As of February, the federal Bureau of Labor Statistics reported the national unemployment rate at 6.2 percent.
Eddy County’s unemployment was above both the national and state average at 8.3 percent, rising from a 7.8 percent rate reported in December 2020 and more than doubling since January 2020’s rate of 3.2 percent months before the pandemic hit the state.
Neighboring Lea County had the second-highest unemployment rate in the state at 13 percent, per the report, climbing from 12.4 percent and almost tripling since January 2020.
Most counties in New Mexico saw similarly dramatic increases in unemployment as the pandemic set in and businesses shuttered.
Department of Workforce Solutions Cabinet Secretary Bill McCamley said rural communities such as in southeast New Mexico could continue to face challenges with broadband connectivity as more employees continue work from home amid the recovery.
But he said the Department is optimistic as it shifts from helping New Mexicans receive unemployment benefits to putting them back to work.
Local offices throughout the state reopened for in-person meetings by appointment, McCamley said, which can help them not only find jobs but increase skill sets for more advanced professions.
“A lot of people coming out of this pandemic are going to see the opportunity to do even better than they were,” McCamley said. “If you were working minimum wage before, you can become a nurse and help build your community.
“We’re going to start shifting from purely unemployment to how do we get you back to work.”
McCamley said he expected fields in the healthcare, education, construction, science, technology, engineering and mathematics (STEM) sectors to see exceptional growth in the state’s recovery.
“If we didn’t understand the importance of healthcare before the pandemic, we sure do now. We need everyone from nurses to brain surgeons,” McCamley said. “If you’re a trained welder or pipefitter, you’re working right now. The long-term salary prospects for those jobs are really high.”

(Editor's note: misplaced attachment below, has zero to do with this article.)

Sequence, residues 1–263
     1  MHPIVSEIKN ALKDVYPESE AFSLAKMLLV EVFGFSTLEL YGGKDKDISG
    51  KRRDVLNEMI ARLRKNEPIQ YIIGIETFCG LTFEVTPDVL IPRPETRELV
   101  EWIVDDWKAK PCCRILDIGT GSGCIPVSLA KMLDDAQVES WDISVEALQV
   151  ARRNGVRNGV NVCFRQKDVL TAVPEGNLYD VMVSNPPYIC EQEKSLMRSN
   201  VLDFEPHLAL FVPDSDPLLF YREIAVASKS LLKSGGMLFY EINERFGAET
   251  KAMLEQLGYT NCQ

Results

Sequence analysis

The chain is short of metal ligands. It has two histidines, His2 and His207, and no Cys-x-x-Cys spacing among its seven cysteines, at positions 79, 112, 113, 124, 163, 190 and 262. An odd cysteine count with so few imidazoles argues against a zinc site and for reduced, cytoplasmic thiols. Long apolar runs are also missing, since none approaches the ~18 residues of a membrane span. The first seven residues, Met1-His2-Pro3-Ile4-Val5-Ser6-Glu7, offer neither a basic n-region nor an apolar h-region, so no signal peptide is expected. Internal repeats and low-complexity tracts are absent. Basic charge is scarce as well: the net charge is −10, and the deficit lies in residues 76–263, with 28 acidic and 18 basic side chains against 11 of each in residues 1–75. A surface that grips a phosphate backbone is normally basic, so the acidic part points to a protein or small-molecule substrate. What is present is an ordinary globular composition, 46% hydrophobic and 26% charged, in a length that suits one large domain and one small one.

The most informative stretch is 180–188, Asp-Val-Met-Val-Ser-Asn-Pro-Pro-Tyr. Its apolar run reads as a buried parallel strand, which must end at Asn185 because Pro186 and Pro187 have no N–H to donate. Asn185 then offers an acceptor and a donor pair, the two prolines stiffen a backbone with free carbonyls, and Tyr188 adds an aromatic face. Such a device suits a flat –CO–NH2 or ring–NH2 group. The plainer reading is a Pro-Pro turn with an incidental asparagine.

The Department also plans to work with New Mexicans seeking to gain advanced training, helping from local offices connect prospective college students with support funds that can pay for tuition, student loans and other needs in higher education, under the Workforce Innovations and Opportunities Act (WOIA).
In the Permian Basin region, as the fossil fuel markets recover, McCamley said workers will likely need additional training as the industry relies more on automation.
“Oil and gas prices have continued to stay pretty stable and even rise so you’re going to see needs for those jobs,” he said. “That means you’re going to need more skills to compete for those jobs. A high school diploma is just going to cut it.”
Most important to reopening the economy and jobs in New Mexico though, McCamley said, is vaccinations.
He said public health is closely tied to the economic recovery.
“New Mexicans are doing a real good job getting the vaccines in their arms. The more people get vaccinated, the better our economic situation will be, and more jobs will open up,” McCamley said. “They are intricately interlinked.”
Adrian Hedden can be reached at 575-618-7631, [email protected] or @AdrianHedden on Twitter.